How social dancing can be therapeutic for dementia sufferers

Dementia refers to a category of brain diseases (such as Alzheimer’s) that are most often characterised by deterioration in the sufferers’ ability to think and remember. The symptoms relating to dementia are most commonly seen in the elderly as the likelihood of developing any one of the related brain diseases increases with age, with roughly half of all those above 85 years old being diagnosed with it.

There is no known cure for dementia, but there are many known therapeutic treatments that can offset the worst of the symptoms and help sufferers get the most out of life. One way people with dementia can mitigate the negative impact of their condition is to participate in social dancing activities.

Let’s take a look at some of the ways social dancing can be therapeutic for those suffering with dementia.

Social Engagement

It’s no secret that social engagement can prove to be immensely beneficial for those suffering with dementia. Because dementia sufferers struggle with remaining ‘present’ in the moment, interacting with groups of people with a common interest can really help to stimulate them emotionally.

By being thrust into a positive social situation, dementia sufferers can enjoy making new connections with other people that aren’t dependent on them remembering a past relationship or the finer details therein. This gives them the benefit of social interaction without burdening them with the reality of their condition.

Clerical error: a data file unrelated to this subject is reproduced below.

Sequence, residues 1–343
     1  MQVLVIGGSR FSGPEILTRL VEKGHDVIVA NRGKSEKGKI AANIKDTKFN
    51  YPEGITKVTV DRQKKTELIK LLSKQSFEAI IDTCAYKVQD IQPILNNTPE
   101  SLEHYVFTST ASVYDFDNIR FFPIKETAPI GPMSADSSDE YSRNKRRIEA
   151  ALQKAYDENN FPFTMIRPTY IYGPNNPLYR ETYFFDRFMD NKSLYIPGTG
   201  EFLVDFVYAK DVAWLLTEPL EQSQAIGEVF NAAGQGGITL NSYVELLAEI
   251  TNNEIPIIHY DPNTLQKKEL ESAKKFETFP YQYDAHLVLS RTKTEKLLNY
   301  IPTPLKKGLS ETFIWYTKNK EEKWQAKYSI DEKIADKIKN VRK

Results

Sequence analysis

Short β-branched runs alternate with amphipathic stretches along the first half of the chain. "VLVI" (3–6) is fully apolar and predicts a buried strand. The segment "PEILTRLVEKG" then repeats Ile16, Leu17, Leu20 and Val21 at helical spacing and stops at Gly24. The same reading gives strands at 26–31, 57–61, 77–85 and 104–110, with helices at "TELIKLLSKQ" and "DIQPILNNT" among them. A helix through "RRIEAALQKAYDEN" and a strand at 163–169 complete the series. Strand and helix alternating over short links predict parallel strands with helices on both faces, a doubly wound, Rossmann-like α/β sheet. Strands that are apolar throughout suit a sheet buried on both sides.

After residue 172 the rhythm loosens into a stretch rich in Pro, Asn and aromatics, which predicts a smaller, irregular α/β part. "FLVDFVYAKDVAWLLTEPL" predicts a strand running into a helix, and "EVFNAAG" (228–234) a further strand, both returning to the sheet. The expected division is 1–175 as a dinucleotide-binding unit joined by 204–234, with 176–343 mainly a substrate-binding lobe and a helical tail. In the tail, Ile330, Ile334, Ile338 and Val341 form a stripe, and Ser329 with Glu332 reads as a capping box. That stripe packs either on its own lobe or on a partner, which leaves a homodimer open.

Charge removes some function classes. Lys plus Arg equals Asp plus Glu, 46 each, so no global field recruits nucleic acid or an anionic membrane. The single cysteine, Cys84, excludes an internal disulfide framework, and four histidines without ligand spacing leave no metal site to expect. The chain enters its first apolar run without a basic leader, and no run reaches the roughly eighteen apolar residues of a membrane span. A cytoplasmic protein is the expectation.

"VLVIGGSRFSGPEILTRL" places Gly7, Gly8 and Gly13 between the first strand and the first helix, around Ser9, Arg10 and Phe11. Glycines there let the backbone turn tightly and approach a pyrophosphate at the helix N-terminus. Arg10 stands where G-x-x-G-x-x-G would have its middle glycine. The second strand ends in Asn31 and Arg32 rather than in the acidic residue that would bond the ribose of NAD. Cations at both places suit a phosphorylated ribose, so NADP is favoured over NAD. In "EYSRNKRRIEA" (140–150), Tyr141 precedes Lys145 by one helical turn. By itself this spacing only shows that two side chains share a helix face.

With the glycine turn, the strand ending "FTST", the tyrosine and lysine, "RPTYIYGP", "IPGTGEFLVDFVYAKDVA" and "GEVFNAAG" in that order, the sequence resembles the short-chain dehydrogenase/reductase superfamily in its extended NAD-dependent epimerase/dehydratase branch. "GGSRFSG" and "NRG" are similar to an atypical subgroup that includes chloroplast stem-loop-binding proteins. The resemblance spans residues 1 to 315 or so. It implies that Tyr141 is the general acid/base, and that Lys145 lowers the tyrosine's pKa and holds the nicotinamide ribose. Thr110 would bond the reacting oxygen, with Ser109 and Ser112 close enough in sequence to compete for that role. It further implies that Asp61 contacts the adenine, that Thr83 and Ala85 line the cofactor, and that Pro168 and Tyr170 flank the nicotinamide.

Mind and Body Stimulation

The activity of dancing can help to offset agitation and other problematic behaviours in suffers of dementia who can often become frustrated with their changing ability to do things. With dancing, they are able to slow-down, focus on the activity at hand and enjoy a boost in self-confidence.

Dancing also promotes good motor function as well as helping improve coordination and balance. Dementia sufferers can also use dancing to help regulate emotions and express themselves physically where they otherwise might struggle.


Dancing helps to release endorphins and rhythmic movement can help sufferers of dementia achieve a state of calmness. This helps to distract them from their problems and enjoy the moment in a judgement-free environment.

As you can see, social dancing can have a wide range of positive therapeutic benefits for sufferers of dementia. Because of this fact, many specialised dementia-focused dancing programs have been created around the world in order to maximise the positive effect of this kind of activity.

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